Random Facts Around Us

There are things around us that we usually see, feel but haven’t got the idea of what they are called. Sometimes it does not bother us to know what it is or what they are. This blog will at least give you some facts or information that is worth your time.

Spaghetti is a sure delicious pasta meal, using these thin strands of pasta you can add different sauces like bolognese, carbonara, meatballs, mushroom and herbs, etc..

A single strand of Spaghetti is called a “Spaghetto”.

·        Pasta is made of flour, eggs, a little water and olive oil.

·  The word ‘Pasta’ comes from Italy means “barley porridge”.

Below are some the different types of pasta;

Lettuce is a member of the sunflower family. The darker the lettuce the more carotenoids it contains. 

·  It was first cultivated in Egypt. 

·  It can reduce the risk of breast cancer.

·  Good for lowering the cholesterol levels.

·  Good source of antioxidant for a healthy skin.

·  Rich in iron that prevents anemia (deficiency of red blood cells or of hemoglobin in the blood).

·   Contains fiber that helps reduce constipation.

·   Loaded with Vitamin C that is good for the immune system.

·  This is the only vegetable that is never sold in processed form.

A water dropwort is a highly poisonous plant. If it kills you, it can cause you to smile after you die. This is called a ‘sardonic’ grin.

Bulls are color-blind and the matador’s red color cape doesn’t really make them angry. The reason why they charge is because of the cape’s movement as the matador sways it.

·    Bulls are more muscular than cows.

·       They can live up to 22 years.

·       They can run around 35 mph and will kill without hesitation.

·       The first Spanish bullfighter to die in a televised bullring fight was Victor Barrio, he died at the age of 29 due to chest injury from his last bullfight.

If a Polar Bear and a Grizzly Bear mate, their offspring is called a “Pizzy Bear”.

Polar bear lives in Northern Arctic such as Russia, Alaska, Canada, United States of America and Norway. 

Even they are living in cold countries you cannot find them in Antarctica.

·   They have two layers of fur a top and a bottom layer that helps them to survive in winter. If they have poor nourishment, they can also freeze to death.

·   Polar bears are good swimmers however, as they cannot cover their nose while swimming, and if the storm hits while they are in the water they are at risk of drowning.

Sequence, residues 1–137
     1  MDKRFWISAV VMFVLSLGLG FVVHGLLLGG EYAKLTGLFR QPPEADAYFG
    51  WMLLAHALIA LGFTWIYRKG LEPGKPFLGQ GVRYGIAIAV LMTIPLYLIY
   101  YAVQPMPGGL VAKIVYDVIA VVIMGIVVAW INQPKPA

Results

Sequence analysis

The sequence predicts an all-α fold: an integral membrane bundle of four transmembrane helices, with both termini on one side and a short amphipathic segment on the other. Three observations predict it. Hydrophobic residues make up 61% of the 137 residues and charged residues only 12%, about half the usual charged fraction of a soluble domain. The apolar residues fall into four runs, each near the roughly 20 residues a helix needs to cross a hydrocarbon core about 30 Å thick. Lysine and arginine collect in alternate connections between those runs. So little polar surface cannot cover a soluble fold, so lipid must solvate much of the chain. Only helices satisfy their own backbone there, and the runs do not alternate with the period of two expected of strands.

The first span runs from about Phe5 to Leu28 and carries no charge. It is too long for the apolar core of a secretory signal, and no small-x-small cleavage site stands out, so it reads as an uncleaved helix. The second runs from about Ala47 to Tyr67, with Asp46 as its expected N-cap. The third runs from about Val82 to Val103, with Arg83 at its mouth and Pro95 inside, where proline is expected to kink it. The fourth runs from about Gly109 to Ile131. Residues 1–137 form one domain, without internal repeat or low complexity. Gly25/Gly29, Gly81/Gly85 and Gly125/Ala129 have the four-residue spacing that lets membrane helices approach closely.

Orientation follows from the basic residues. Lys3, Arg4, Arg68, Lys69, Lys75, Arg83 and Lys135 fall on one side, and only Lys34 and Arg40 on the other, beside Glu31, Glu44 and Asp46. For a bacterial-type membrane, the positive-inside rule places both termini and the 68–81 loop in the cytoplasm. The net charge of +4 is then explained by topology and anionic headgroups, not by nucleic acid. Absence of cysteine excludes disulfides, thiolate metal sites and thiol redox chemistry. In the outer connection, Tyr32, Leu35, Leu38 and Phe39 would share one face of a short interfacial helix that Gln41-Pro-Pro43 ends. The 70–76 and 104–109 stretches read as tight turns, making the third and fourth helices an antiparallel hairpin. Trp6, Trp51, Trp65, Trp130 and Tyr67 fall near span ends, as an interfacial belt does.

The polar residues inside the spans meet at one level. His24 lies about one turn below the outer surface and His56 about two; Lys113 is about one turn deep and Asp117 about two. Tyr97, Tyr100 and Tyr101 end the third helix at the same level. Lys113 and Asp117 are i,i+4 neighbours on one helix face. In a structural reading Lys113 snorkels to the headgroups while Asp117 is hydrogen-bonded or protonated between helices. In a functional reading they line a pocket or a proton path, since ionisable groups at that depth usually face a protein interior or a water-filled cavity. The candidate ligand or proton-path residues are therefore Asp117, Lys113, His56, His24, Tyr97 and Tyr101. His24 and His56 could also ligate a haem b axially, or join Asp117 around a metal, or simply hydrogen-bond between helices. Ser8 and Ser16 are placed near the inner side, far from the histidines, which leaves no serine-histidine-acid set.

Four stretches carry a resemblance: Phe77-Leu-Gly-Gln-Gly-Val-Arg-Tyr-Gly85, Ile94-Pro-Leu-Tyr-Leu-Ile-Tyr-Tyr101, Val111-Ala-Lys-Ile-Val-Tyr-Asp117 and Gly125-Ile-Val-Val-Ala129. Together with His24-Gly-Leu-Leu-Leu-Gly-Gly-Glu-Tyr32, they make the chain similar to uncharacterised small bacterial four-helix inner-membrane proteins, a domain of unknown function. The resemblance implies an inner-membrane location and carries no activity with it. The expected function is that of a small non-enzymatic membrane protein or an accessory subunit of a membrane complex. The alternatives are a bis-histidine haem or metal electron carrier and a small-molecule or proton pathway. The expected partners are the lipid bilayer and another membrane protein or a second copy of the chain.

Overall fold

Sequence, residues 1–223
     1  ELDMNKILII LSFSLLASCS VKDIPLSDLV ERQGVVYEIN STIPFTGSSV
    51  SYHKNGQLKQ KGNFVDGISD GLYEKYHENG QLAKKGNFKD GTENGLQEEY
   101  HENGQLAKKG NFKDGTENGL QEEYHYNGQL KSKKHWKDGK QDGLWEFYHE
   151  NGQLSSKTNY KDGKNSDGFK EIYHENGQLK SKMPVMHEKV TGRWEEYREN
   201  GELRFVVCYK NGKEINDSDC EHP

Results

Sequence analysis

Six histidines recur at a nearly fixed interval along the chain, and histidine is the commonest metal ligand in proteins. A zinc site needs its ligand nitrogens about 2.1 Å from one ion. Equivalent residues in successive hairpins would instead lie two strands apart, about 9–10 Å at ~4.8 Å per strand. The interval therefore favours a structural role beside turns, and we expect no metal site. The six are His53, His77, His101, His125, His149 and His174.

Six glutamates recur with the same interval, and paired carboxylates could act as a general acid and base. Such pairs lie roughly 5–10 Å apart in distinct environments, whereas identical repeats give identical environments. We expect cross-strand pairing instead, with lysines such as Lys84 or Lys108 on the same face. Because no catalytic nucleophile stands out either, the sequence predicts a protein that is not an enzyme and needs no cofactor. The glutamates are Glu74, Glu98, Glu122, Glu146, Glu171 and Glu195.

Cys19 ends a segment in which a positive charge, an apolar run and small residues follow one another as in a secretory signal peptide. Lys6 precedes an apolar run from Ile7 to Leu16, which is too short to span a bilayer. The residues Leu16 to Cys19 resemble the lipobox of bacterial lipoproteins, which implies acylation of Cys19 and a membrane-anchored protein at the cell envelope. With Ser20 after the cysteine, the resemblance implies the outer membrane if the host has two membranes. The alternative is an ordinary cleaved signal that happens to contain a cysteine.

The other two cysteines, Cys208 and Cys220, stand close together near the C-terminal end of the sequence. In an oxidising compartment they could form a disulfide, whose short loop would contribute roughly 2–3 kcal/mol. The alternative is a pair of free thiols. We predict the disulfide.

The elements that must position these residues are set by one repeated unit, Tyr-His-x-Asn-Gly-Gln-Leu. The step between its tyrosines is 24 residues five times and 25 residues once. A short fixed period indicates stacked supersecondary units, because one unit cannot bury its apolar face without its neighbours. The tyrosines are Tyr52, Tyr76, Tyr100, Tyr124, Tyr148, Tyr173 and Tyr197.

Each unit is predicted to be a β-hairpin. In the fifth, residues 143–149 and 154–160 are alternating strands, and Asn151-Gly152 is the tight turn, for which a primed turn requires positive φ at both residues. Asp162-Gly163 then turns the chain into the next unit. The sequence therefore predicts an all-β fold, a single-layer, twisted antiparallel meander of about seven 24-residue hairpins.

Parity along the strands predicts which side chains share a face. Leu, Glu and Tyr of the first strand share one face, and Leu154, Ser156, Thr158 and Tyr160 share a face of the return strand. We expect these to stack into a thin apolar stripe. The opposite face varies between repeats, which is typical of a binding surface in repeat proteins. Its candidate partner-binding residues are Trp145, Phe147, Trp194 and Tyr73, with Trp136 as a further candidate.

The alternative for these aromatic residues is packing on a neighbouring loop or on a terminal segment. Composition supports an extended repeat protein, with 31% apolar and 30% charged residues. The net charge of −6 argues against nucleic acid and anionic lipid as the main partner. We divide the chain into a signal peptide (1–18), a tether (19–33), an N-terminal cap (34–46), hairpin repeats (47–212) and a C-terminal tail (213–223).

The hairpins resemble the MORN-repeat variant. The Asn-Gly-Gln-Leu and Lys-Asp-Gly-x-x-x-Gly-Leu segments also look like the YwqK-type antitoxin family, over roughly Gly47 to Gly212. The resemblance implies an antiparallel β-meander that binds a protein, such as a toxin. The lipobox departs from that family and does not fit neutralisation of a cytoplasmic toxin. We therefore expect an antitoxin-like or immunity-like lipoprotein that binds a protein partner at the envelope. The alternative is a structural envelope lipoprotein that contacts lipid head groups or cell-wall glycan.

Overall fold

Grizzly bears are omnivores. They have the same size of human fingers and have more muscles on their backs which help them dig.

·   Their common lifespan is up to 28 years.

Violin bows are commonly made from horse hair.

·       It is the smallest and with the highest-pitched instrument in the string family.

·       Andrea Amati was the first maker of four string violin dated in 1555.

·       The word Violin comes the word “fiddle” means stringed musical instrument.

Octopus have three hearts, blue blood and nine brains which is why they are intelligent. They have the central brain and eight small brains in each of their arms.

·  The female octopus do strangle and eat the male after mating and even the male octopus will not be a prey it will soon die the mate because they used up all of its energy for mating.

·     They brood their eggs for 53 months or 4 ½ years.

·           An unhealthy octopus can suffer from autophagy or also called self-cannibalism, they will eat its own arms due to stress.

·          A giant pacific octopus can live up to 3-5 years.

Snakes predict earthquakes. 

They can sense the earthquake five days before it happens and from 120 kilometres away.

·       They don’t have eyelids which is why they cannot blink and so they are sleeping with both eyes open.

·       They only have internal ears.

·       They have very flexible jaws which allow them to eat their prey much bigger than their head.

·       Not all snakes have fangs like pythons.

·       It has a unique organ called “Jacobson’s organ”, which makes them very sensitive to strong smell like clove essential oils and cinnamon.

Author:  Julie Ann Locsin  (08/27/19)

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